Dr. Evgeny A Budygin

Dr. Evgeny A Budygin
Department of Neurobiology and Anatomy, Wake Forest University School of Medicine
EDUCATION: 1982-1987 I.P. Pavlov Ryazan Medical Institute Ryazan, Russia Pharm. D. 1990-1993 Institute of Pharmacology Russian Academy of Medical Sciences Moscow, Russia Ph.D., Biological Sciences/Pharmacology Advisor: Georgi Kovalev Thesis title: “Effects of nootropic drugs (cognitive enhancers) on dopaminergic transmission in the rat brain” POSTDOCTORAL TRAINING: 1994-1997 Postdoctoral Fellow Department of Institute of Pharmacology Russian Academy of Medical Sciences Advisor: Georgi Kovalev 1997-2000 Postdoctoral Fellow Department of Chemistry The University of North Carolina at Chapel Hill Chapel Hill, North Carolina Advisor: R. Mark Wightman
Research Interest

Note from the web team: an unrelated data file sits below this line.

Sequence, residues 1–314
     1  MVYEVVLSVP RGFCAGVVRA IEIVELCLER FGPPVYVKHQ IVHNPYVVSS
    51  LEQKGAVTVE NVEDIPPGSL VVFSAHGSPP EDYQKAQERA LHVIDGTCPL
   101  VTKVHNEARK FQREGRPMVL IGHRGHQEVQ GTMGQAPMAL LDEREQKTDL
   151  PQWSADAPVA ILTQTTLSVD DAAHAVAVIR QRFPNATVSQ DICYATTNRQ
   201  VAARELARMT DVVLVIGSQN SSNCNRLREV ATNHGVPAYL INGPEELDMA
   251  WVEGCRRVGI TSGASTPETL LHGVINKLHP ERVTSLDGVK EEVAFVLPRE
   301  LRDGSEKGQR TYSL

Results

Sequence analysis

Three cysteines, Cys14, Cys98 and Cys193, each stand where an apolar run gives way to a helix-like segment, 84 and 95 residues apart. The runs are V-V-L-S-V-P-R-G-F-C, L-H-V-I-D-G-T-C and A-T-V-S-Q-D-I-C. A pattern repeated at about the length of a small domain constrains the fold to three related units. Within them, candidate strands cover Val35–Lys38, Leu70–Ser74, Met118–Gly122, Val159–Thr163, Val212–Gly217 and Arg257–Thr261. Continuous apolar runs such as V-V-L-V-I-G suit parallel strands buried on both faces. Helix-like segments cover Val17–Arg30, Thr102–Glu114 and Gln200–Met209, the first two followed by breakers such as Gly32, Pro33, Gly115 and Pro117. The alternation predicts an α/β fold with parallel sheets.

I am interested in understanding the molecular and cellular processes regulating brain neurotransmission, particularly dopamine and adenosine. I was trained as a classical neurophysiologist and have traditionally used pharmacological approaches combined with microdialysis to probe these systems. In addition, I have pioneered the use of fast-scan cyclic voltammetry in awake and behaving animals, including rats and transgenic mice. This technique allows me to evaluate neurotransmitter dynamics in real-time, so that the particular behavior of the animal can be precisely matched to neurochemical changes. The majority of my career has focused on understanding the plasticity underlying neurotransmitter dynamics in the reinforcing and motivating actions of abused substances, which lead to the development of addiction. My particular emphasis has been on how drugs of abuse induce changes the delicate equilibrium between synaptic processes such as release, reuptake and synthesis of neurotransmitters. However, over the past few years, I have expanded my research program to determining how various behavioral situations impact neurophysiology. In addition, I am combining cutting edge molecular and genetic techniques, including optogenetics and RNA interference, with sophisticated neurochemical approaches to elucidate the molecular mechanisms underlying dopamine neurotransmission. I am also using optogenetic techniques to link neural circuits with behavior in small animals (rats and mice), to allow for analysis of cause and effect relationships.